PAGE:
I'm hooked. Next I will be trying her quinoa porridge, perfect for freezing Portland summer mornings.

16 June 2010

Apricot Braid

What do you do for someone who just had a baby? You bring them food, and plenty of it. My friend Holly just gave birth to her daughter Alice Mae (is there a cuter name? No.), and I wanted to bring her something comforting for breakfast when I went over to meet the little monkey. I had just been reading about this recipe over on Smitten Kitchen, and so I decided to give it a whirl. It calls for a lovely sweet yeasted dough, a cream cheese spread and lemon curd. Well, I have a weird problem that makes no sense- I don't like lemon curd. I think it tastes metallic and sometimes sweet lemon breads remind me of lobster. I never claimed to be fully, you know, with it. 
So anyway I thought I would swap out the lemon curd for homemade apricot jam, and then things would be right in the world (besides the whole oil spill thing, etc.). I was right! Apricot was just right in this pastry. It was still as tart as I imagine the lemon would be, but also warm and golden flavored. The cream cheese was essential, and next time I might even add a little bit more. I served this with dark cherries and pineapple soaked with booze, cause thats what new moms need.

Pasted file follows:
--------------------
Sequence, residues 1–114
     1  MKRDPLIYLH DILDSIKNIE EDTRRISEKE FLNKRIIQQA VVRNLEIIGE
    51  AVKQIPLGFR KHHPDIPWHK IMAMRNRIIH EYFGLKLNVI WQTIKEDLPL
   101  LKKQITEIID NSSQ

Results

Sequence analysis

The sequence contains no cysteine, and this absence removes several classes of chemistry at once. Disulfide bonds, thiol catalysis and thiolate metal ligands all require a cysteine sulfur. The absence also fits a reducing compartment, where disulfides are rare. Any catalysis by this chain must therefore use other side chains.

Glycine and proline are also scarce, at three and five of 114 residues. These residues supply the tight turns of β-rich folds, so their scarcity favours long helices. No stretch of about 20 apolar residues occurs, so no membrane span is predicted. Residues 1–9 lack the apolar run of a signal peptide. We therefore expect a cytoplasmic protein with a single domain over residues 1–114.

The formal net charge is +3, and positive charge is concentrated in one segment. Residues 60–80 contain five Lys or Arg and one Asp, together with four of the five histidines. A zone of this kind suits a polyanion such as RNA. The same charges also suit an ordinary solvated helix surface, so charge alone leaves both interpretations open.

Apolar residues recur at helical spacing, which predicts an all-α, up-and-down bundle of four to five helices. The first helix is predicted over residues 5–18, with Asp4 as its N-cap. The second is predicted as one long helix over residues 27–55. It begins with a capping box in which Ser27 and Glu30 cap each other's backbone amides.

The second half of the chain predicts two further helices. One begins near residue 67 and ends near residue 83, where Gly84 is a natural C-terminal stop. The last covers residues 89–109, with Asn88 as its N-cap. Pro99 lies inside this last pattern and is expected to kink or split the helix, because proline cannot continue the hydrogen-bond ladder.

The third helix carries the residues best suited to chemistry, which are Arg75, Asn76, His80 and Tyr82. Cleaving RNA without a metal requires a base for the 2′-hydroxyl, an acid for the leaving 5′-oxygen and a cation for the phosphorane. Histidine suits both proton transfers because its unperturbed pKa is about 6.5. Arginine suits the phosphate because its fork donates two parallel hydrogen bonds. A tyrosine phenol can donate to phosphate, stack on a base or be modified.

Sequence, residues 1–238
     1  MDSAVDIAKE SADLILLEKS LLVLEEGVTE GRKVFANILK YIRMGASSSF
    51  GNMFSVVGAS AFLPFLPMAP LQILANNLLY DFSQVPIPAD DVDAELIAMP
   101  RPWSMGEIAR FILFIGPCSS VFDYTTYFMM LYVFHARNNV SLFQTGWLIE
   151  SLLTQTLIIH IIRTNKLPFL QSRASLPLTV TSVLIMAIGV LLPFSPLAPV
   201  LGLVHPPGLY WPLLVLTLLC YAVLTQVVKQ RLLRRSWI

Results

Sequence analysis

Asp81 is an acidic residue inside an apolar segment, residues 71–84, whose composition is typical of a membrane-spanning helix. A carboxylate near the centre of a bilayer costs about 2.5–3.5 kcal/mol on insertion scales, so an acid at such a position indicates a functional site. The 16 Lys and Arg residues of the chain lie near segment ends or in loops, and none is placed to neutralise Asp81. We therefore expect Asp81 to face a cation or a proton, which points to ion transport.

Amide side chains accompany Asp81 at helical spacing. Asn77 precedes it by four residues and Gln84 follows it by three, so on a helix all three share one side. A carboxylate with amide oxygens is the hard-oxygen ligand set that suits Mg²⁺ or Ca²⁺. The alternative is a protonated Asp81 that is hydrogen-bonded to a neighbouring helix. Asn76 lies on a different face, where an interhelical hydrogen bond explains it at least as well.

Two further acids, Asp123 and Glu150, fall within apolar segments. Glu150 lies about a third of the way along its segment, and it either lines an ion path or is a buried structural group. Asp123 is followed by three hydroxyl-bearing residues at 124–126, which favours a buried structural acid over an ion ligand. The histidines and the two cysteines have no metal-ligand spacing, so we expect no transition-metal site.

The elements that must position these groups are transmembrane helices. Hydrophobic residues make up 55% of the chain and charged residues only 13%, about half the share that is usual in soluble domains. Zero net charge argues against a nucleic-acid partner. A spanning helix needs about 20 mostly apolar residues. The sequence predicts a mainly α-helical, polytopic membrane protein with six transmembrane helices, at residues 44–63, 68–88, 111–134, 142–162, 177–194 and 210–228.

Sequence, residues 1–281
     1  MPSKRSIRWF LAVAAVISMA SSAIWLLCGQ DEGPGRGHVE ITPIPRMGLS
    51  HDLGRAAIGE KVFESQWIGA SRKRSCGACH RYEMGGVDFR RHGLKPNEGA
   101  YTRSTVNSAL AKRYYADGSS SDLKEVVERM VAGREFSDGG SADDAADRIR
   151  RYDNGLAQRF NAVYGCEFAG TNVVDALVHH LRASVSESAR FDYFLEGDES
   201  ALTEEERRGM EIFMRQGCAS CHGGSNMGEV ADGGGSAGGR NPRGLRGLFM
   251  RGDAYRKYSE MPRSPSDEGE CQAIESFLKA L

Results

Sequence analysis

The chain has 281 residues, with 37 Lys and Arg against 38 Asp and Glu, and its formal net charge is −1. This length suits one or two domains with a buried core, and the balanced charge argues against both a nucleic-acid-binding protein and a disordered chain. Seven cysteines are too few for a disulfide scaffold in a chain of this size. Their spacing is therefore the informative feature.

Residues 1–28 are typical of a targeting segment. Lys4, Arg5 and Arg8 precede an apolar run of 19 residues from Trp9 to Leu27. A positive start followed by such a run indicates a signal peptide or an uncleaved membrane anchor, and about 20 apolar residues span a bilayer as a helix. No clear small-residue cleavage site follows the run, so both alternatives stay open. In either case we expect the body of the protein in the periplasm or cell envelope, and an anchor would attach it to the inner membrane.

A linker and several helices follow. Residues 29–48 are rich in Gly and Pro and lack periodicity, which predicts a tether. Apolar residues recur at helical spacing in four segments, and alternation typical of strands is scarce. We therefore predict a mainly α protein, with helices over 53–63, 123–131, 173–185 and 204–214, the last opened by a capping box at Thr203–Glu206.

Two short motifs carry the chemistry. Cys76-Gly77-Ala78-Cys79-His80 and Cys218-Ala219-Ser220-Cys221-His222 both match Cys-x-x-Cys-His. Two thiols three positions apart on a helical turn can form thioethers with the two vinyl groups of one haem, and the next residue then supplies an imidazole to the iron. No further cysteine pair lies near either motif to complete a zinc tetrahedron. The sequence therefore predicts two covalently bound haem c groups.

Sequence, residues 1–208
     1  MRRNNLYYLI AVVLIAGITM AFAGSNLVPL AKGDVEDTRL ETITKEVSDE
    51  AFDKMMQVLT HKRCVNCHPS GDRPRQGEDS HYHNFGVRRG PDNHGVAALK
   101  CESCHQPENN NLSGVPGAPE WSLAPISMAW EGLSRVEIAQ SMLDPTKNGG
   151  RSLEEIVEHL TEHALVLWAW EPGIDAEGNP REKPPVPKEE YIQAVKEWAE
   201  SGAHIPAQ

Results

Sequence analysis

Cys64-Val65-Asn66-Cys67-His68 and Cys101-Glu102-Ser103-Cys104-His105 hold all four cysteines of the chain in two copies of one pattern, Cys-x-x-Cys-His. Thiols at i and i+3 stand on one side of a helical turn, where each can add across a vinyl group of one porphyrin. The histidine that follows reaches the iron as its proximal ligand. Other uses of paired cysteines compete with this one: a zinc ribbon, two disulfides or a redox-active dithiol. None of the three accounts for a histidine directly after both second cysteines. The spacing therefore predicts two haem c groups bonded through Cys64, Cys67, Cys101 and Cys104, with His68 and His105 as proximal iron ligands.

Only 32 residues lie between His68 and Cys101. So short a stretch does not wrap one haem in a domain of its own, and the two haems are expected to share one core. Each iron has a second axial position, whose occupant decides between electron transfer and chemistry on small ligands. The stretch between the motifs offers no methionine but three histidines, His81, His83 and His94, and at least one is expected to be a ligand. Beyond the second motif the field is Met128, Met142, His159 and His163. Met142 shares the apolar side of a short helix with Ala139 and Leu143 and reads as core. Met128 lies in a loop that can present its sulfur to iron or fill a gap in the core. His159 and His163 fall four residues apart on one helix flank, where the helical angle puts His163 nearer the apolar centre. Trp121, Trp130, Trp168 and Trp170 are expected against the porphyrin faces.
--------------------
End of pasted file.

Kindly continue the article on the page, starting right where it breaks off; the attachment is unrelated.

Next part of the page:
Apricot Braid
Adapted from Smitten Kitchen (Really the only thing I did differently was swapping lemon for apricot.)

6 tablespoons (3 ounces) warm water
1 teaspoon sugar
1 1/2 teaspoons instant yeast
1/4 cup (1 ounce) unbleached all-purpose flour

Sponge (above)
6 tablespoons (3 ounces) sour cream or yogurt
1/4 cup (4 tablespoons or 2 ounces) unsalted butter, softened
2 large eggs, 1 beaten for dough, 1 beaten with 1 teaspoon water for brushing bread
1/4 cup (1 3/4 ounces) sugar
1 teaspoon salt
1 teaspoon vanilla extract
2 1/2 cups (10 5/8 ounces) unbleached all-purpose flour
Large, sparkling white sugar for sprinkling

Apricot cream cheese filling
1/3 cup (2 1/2 ounces) cream cheese, softened
2 tablespoons (5/8 ounces) sugar
2 tablespoons (1 ounce) sour cream